But organizations need more than policies and training to effectively combat the alarming trends revealed by the Symantec study. Companies should also implement tools, such as data loss prevention (DLP), to detect and help prevent IP theft. Once a company identifies its core IP and implements a DLP solution, it can monitor the use of confidential data on desktops, laptops and mobile devices, and also record unusual data access patterns particularly when large volumes of data are accessed and/or copied.
An effective DLP solution can also detect unauthorized backups or transfers of IP to external devices or applications such as cloud services. Control should extend to .pst files, and administrators can enable features to effectively block IP transfers to unauthorized destinations.
Just as companies employ security software to warn employees engaging in dangerous browsing habits (think pop-up that asks, "Are you sure you want to open this infected file?"), employers can use DLP software to warn employees whose behavior runs afoul of company IP policy. Employers can also use monitoring tools to notify managers in the event of unauthorized IP copying, which behavior is more prevalent in employees who've already decided to take another job.
Stricter monitoring of access to and copying of sensitive IP may seem excessive at first, but real-time enforcement is a far more efficient way to prevent IP theft before it occurs and, generally speaking, is a more cost-effective way to protect IP than the usual practice of examining an employee's computer usage after the employee has already departed. As Frederick Taylor discovered long ago in his organizational studies, employees who know (or at least think) their behavior is being actively monitored are less likely to act contrary to company policy.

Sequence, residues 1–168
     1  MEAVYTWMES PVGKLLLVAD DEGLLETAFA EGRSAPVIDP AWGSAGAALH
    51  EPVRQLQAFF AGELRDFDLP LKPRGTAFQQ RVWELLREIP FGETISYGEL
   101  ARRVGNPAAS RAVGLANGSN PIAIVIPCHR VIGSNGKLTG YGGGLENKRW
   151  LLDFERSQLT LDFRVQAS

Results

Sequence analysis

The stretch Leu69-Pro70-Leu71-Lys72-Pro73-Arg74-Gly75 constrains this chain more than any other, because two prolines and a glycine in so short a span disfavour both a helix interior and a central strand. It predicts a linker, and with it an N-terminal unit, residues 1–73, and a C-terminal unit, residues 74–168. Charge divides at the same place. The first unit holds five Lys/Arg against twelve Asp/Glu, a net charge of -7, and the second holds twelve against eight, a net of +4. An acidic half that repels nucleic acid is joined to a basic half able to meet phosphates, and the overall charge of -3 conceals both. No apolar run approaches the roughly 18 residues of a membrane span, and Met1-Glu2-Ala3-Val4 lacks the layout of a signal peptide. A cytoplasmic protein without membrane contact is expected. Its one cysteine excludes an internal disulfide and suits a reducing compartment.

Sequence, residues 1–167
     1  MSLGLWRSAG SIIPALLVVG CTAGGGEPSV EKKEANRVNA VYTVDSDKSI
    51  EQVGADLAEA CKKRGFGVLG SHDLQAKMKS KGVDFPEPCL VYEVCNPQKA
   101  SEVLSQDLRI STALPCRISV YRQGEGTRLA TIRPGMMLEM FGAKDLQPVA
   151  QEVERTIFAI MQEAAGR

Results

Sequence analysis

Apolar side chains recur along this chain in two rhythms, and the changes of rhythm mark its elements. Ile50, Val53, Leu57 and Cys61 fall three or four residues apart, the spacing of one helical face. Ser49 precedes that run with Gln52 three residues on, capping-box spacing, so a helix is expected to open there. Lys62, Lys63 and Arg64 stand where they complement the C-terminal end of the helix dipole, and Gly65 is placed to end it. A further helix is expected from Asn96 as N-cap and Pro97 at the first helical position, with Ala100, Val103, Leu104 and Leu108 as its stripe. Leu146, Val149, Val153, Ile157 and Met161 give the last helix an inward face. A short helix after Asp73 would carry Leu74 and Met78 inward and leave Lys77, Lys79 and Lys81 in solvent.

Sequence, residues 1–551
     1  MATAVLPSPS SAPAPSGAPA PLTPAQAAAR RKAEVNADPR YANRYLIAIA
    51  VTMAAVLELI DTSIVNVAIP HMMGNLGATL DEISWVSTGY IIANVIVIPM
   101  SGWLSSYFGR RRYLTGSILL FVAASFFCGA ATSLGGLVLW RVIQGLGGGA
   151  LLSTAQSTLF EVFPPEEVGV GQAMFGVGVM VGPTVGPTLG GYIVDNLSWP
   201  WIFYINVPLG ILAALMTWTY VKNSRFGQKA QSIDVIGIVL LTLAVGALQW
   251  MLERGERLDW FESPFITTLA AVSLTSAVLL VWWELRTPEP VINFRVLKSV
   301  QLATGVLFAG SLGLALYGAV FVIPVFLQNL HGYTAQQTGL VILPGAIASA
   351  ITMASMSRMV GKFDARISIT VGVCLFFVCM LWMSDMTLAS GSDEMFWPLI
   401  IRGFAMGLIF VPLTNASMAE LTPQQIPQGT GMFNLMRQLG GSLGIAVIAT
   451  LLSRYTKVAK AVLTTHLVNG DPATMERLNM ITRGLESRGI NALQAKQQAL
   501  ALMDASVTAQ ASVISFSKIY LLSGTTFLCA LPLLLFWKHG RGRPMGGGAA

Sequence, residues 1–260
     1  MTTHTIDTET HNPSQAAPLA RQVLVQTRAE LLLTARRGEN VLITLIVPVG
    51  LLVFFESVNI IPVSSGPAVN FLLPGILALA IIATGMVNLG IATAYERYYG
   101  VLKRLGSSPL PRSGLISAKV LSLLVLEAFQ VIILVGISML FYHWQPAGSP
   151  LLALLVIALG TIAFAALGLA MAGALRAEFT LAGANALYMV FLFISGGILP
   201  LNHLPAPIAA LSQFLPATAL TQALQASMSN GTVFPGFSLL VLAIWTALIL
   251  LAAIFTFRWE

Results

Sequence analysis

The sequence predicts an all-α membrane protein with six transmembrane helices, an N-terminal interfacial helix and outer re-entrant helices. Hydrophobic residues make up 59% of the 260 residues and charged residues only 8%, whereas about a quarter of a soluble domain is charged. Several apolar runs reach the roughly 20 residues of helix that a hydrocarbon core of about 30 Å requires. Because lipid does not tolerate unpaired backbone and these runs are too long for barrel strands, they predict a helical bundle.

A detailed exit interview is also an important tool to deter IP theft. Prior to an exit interview, companies can use the monitoring solution to run a report for HR that reveals any unauthorized actions by the departing employee and identifies any data or devices that should be returned. With this information already in hand, an employee's credibility (and risk factor) should be easy to gauge during the exit interview.
The exit interview is yet another opportunity to review continuing obligations with the departing employee, ensuring they have a clear understanding of what the company considers to be its valuable trade secret information. HR should provide clear, specific direction on property that employees must return not just laptops and smartphones, but also USB drives and other devices that the company has already identified as having been connected to company machines (and which is likely to also contain company IP).
While these steps may seem Orwellian at first, they are designed to detect and prevent IP theft (and actual damage) before it occurs. Moreover, the costs of implementing these steps generally pale in comparison to the significant resources companies already spend on post-termination forensic analysis and litigation necessary to recover damages which could have easily been prevented.
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